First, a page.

> > > 1959: 170-171).
        > >
        > > Koebler cites only a strong nt. _brj'osk_ 'Knorpel', Gmc. *breu(t)skam.
        > >
        >
        > *Bhr.: right, my fault in copying; I'm very sorry and beg Your pardon. On
        > the other side, */t/ is by no way assured

        The */t/ is only a phonetic possibility which K. included.

        > > The root could be the simplex *bHreu- 'spriessen, schwellen' (Pok. 169),
        > > making the IE formation *bHreu-skom, not *bHreus-kom.
        > >
        > >
        > >
        >
        > Verb stem **brūsana-n *suggests indeed root **bhreus-*

        Yes, *bHreu- with an /s/-extension, but *bHreu-skom needs no extension.

        > >
        > > > I think one single uncontroversial case is sufficient to prove that a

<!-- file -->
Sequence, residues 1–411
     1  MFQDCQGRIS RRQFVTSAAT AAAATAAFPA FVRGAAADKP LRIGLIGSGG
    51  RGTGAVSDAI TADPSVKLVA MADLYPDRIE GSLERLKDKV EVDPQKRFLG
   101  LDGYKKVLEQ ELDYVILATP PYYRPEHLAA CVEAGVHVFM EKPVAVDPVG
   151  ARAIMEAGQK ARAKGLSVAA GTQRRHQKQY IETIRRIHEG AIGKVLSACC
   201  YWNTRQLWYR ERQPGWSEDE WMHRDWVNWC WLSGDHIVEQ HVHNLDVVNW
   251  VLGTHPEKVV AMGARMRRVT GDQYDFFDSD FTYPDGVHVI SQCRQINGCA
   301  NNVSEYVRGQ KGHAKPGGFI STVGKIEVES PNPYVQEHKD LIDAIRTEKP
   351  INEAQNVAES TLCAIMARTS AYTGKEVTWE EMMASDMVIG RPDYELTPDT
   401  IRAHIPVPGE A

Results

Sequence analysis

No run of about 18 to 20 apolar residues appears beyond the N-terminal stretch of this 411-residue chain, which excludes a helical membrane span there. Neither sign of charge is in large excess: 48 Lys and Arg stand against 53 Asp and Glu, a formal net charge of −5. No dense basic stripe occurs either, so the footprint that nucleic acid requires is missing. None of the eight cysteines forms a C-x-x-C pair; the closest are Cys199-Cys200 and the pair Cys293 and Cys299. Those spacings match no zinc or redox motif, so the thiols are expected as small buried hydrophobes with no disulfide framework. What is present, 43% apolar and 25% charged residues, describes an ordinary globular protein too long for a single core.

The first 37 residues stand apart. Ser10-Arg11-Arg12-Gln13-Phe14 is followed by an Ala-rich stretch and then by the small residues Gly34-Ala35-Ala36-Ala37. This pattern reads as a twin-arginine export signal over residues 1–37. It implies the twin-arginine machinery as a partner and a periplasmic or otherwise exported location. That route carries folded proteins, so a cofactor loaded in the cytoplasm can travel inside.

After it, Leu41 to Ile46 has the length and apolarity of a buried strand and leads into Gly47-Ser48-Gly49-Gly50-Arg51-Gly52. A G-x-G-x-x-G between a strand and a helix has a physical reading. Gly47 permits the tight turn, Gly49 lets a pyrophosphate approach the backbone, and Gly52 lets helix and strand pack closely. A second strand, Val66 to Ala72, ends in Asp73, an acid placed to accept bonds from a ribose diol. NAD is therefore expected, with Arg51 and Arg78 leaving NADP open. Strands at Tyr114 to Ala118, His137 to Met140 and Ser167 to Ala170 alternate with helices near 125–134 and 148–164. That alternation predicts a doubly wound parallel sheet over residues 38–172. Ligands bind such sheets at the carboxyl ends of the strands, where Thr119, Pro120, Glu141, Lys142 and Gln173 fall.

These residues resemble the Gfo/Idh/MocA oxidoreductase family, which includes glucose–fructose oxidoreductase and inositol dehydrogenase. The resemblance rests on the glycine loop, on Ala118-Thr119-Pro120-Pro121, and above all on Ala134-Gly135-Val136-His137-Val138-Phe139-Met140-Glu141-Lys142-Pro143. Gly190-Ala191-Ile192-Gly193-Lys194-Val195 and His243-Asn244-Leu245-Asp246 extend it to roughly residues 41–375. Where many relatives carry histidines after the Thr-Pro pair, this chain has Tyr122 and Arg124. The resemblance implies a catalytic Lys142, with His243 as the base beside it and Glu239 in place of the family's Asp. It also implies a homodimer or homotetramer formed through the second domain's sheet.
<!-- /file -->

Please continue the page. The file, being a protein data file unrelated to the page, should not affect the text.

> > > R(e)-ko- scheme is possible (...)
        > > (...)
        > > As for uncontroversial examples of *R(e)-ko-, there may be some, but I had
        > > in mind a statistical analysis of such purported forms within Celtic.
        > > Something may be possible but highly improbable.
        > >
        > > *Bhr.: if You have checked the whole material, please let us know it; if
        > You don't, "highly improbable" only expresses an impression of Yours

        True. When time permits I must check the whole material.

        > >
        > > > Note also that this case has been made for *gWet-ko-s, which I added
        > > > as a merely prudential alternative to *bek-n'o-s with Stokes-Zupitza's